Despite being the CEO of both Twitter and the payments company Square, Jack Dorsey has an aw-shucks habit of seeming uncomfortable with the power he wields. On Wednesday, he tweeted a stem-winding thread explaining Twitter’s decision to suspend President Trump’s account for inciting the deadly Capitol Hill riot. Saying he felt no pride over the choice, Dorsey painted himself, and Twitter, as having been backed into a corner.
“We faced an extraordinary and untenable circumstance, forcing us to focus all of our actions on public safety,” he wrote. “Offline harm as a result of online speech is demonstrably real, and what drives our policy and enforcement above all.”
But deplatforming, while rooted in principles of protecting the speech rights of the vulnerable against abusers, disinformationists, and fascists, is a fraught process, with ever-shifting targets. When done by companies, it also lacks transparency and public accountability. As soon as Trump was kicked off Twitter—and Facebook, YouTube, Snapchat, and other social platforms—speculation began as to where he might go. Parler seemed like the most obvious candidate—until Google and Apple removed it from their app stores and Amazon Web Services stopped hosting it.
Deplatforming is the most effective way to stop popular social media users from using the organizing and broadcast tools of big platforms to spread hate, conspiracies, and lies. The alt-right troll Milo Yiannopoulos is sometimes cited as a positive example of deplatforming. After recordings emerged of him praising pedophilia—the last straw for even some of his erstwhile supporters—he was ejected from major social media platforms, lost a book deal, and was cut loose by Breitbart and left to beg on small alternative networks, including Parler, to support his legal fees. He’s since faded into insignificance—a damning fate for a right-wing exhibitionist in an attention-based economy.
But dramatic, wholesale bans of famous people, while sometimes justified, don’t address the everyday concerns affecting the bulk of platform users. Content moderation remains the industry’s great unsolved problem.
“Have you tried to moderate 15 million people?” Mark Weinstein, the founder of the social network MeWe, asked in an interview with OneZero. Weinstein discussed the travails of starting an independent, privacy-focused social platform only for it to become a haven for right-wing extremists pushed off big platforms. MeWe was investing in human moderators (to what extent, Weinstein didn’t say) but still found that militia members were using the site. The bottom line: It’s not easy or cheap to offer users the tools of online discussion and association and to police their behaviors.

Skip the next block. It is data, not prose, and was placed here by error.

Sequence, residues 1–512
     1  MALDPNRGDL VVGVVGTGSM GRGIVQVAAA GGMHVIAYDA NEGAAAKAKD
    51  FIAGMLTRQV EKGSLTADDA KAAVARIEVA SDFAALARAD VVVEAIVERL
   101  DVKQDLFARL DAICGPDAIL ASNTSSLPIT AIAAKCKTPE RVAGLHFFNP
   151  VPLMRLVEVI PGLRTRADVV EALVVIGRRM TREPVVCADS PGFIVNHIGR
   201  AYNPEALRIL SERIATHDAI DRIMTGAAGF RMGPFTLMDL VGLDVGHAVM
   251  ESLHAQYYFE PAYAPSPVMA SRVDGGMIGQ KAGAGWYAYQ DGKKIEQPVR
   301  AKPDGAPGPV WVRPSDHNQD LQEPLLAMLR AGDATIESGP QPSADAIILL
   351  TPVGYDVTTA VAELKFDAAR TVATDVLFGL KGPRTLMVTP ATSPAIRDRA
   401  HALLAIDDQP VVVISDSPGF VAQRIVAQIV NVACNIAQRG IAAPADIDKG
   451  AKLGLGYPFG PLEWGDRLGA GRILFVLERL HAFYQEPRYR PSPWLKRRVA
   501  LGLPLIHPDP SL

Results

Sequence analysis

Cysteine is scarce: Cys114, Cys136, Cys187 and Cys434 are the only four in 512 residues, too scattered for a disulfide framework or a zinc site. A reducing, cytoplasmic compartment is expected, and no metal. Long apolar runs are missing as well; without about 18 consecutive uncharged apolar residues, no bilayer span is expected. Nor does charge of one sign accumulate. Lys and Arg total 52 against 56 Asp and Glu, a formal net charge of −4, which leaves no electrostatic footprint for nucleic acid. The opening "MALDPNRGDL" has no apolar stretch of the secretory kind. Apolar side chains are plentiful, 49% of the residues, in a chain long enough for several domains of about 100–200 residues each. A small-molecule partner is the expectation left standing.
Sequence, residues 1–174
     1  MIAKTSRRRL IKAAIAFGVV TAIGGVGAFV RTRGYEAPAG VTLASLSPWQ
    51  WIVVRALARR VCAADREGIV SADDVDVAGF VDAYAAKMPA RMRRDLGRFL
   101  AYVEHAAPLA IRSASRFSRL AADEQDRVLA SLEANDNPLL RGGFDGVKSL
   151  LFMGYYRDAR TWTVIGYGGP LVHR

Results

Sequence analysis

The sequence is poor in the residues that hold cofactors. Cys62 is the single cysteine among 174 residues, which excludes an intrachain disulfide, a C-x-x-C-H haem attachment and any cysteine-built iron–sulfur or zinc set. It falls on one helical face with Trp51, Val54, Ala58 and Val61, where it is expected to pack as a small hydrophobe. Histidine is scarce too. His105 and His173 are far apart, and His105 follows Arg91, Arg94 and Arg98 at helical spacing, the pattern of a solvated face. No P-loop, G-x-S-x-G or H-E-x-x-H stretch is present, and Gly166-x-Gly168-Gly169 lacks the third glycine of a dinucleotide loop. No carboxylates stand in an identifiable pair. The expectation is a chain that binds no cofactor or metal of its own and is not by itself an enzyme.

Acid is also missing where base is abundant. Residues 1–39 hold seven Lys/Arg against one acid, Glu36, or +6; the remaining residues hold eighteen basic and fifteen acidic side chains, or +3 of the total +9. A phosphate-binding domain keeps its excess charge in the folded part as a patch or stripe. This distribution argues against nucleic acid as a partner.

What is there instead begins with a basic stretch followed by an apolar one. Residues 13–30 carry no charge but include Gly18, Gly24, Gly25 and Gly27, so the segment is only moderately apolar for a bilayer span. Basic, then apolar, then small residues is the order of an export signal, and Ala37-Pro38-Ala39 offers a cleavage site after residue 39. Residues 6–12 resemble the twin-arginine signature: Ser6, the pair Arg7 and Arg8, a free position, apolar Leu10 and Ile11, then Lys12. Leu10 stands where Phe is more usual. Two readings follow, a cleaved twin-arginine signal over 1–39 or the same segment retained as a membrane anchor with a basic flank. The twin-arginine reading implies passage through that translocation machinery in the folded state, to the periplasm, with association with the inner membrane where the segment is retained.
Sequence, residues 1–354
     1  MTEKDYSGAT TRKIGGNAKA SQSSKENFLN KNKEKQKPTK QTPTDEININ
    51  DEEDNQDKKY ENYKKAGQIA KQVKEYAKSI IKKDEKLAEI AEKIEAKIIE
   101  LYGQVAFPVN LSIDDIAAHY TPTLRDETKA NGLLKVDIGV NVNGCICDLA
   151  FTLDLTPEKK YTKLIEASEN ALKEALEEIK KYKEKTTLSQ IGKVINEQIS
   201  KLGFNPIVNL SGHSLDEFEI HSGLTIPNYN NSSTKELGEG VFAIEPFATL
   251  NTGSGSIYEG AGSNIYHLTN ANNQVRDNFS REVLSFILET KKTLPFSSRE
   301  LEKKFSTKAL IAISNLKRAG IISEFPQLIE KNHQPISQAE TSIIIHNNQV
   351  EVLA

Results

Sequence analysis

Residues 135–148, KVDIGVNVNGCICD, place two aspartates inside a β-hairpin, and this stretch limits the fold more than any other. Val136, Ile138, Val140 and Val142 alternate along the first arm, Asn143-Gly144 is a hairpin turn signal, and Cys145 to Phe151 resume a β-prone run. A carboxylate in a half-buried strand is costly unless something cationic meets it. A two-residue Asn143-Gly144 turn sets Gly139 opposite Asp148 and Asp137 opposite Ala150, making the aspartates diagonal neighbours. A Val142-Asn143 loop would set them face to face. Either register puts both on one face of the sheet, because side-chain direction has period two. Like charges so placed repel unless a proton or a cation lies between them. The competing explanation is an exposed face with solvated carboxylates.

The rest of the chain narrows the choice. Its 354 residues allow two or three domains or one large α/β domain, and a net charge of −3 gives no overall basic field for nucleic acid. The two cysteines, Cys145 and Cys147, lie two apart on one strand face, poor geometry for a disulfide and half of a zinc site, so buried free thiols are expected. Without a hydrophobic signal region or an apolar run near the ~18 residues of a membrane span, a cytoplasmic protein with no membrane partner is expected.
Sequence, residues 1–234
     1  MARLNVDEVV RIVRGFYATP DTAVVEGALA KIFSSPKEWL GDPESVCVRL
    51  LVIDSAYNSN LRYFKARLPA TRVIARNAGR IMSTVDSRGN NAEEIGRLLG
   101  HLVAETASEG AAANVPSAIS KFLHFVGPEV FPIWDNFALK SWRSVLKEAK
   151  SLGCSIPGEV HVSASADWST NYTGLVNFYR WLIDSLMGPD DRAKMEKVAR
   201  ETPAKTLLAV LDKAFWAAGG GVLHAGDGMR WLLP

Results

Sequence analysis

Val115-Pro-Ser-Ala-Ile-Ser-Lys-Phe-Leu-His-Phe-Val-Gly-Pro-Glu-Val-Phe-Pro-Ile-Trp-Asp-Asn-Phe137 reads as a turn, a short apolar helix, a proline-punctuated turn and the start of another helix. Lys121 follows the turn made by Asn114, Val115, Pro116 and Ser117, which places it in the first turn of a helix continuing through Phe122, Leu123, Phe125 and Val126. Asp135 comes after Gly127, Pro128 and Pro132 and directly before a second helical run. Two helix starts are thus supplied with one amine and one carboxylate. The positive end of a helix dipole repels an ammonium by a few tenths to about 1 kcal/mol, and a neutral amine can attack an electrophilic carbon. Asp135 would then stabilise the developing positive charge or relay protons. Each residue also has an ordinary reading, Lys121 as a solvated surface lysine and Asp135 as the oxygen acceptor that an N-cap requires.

Weinstein’s exasperated question could as easily be asked by Facebook CEO Mark Zuckerberg or by Dorsey about their services’ enormous user bases. But it would be a disingenuous query. Whereas Weinstein was a medium-scale internet entrepreneur shocked at what was unfolding on his service, Twitter and Facebook, chasing scale and profits, have failed to invest sufficiently in human-led moderation. (Promising yet-to-be-realized artificial intelligence solutions, Facebook has become notorious for outsourcing content moderation to overworked human contractors traumatized by the horrific material they must monitor.) For years, Facebook has known that its algorithms push people toward extremist groups and misinformation, but it didn’t cause concern because it produced more user engagement. As Representative Alexandria Ocasio-Cortez said on Instagram this week, speaking about who shares blame for the Capitol Hill riot, “Zuckerberg, too, creating recommendation engines, just funneling millions of people into white supremacist groups and organizations. He recommended it, he built the platform for it, he accelerated this.”
She’s right: Facebook must clean up its mess. But as tech giants purge extremists from their networks, liberals should feel a pit of discomfort that a few monopolistic companies, including those like Amazon that operate the infrastructure that powers many websites and apps, control who gets to speak and operate online. There will always be edge cases, and how these systems are constructed and managed matters enormously (as in the case of Facebook’s recommendation systems, which push people to join more extreme groups). But we have already landed in troubling territory, where not just individual users but whole social platforms can be wiped off the digital map, almost by fiat. After Parler, it may be Telegram, Zello, or Clouthub—or MeWe or other services we know nothing about. The rules for platform owners are sometimes as hazily defined as they are for the platform’s users.